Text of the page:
Facebook LoginYou can use this to streamline signing up for, or signing in to your Hubpages account. No data is shared with Facebook unless you engage with this feature. (Privacy Policy)
MavenThis supports the Maven widget and search functionality. (Privacy Policy)
Marketing
Google AdSenseThis is an ad network. (Privacy Policy)
Google DoubleClickGoogle provides ad serving technology and runs an ad network. (Privacy Policy)
Index ExchangeThis is an ad network. (Privacy Policy)
SovrnThis is an ad network. (Privacy Policy)
Facebook AdsThis is an ad network. (Privacy Policy)
Amazon Unified Ad MarketplaceThis is an ad network. (Privacy Policy)
AppNexusThis is an ad network. (Privacy Policy)
OpenxThis is an ad network. (Privacy Policy)
Rubicon ProjectThis is an ad network. (Privacy Policy)
TripleLiftThis is an ad network. (Privacy Policy)
Say MediaWe partner with Say Media to deliver ad campaigns on our sites. (Privacy Policy)
Remarketing PixelsWe may use remarketing pixels from advertising networks such as Google AdWords, Bing Ads, and Facebook in order to advertise the HubPages Service to people that have visited our sites.
Conversion Tracking PixelsWe may use conversion tracking pixels from advertising networks such as Google AdWords, Bing Ads, and Facebook in order to identify when an advertisement has successfully resulted in the desired action, such as signing up for the HubPages Service or publishing an article on the HubPages Service.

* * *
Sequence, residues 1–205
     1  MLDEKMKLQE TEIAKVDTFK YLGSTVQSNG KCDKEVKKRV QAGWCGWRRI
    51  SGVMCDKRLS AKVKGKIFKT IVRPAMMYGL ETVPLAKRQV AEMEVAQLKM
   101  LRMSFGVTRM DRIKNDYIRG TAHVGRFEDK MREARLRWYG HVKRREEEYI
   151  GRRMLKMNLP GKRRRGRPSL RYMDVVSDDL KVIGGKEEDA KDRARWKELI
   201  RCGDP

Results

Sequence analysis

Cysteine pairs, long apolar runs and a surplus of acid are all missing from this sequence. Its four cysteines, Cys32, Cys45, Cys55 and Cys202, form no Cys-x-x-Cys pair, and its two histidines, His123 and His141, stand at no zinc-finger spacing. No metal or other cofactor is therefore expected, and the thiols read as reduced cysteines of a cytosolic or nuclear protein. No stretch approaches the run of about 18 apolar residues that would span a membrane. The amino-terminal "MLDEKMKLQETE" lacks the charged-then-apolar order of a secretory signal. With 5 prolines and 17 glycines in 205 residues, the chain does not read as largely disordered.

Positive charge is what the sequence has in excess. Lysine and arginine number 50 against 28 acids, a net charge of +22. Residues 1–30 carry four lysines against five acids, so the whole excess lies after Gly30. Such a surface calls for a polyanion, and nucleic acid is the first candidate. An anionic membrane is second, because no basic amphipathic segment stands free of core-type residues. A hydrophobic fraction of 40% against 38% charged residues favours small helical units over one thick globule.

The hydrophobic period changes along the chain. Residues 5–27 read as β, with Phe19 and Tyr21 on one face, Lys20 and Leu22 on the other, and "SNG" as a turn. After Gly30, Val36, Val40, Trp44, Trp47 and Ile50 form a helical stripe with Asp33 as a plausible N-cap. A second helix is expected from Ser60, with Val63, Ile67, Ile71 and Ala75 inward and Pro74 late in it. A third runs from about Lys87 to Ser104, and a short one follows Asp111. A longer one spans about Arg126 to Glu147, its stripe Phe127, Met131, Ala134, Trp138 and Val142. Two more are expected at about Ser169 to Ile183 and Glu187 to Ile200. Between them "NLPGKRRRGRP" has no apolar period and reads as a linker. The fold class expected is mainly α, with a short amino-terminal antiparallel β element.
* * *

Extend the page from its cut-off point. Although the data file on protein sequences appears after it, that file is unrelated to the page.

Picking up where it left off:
Statistics
Author Google AnalyticsThis is used to provide traffic data and reports to the authors of articles on the HubPages Service. (Privacy Policy)
ComscoreComScore is a media measurement and analytics company providing marketing data and analytics to enterprises, media and advertising agencies, and publishers. Non-consent will result in ComScore only processing obfuscated personal data. (Privacy Policy)
Amazon Tracking PixelSome articles display amazon products as part of the Amazon Affiliate program, this pixel provides traffic statistics for those products (Privacy Policy)
jump to last post 1-9 of 9 discussions (9 posts)

Why shouldn't a man marry a taller woman?

  1. phillip goodson profile image60
    phillip goodsonposted 7 years ago

    Why shouldn't a man marry a taller woman?

  2. Ashantina profile image60
    Ashantinaposted 7 years ago

    Only a shallow human being would base their emotional decision on height...

  3. Loveslove profile image58
    Lovesloveposted 7 years ago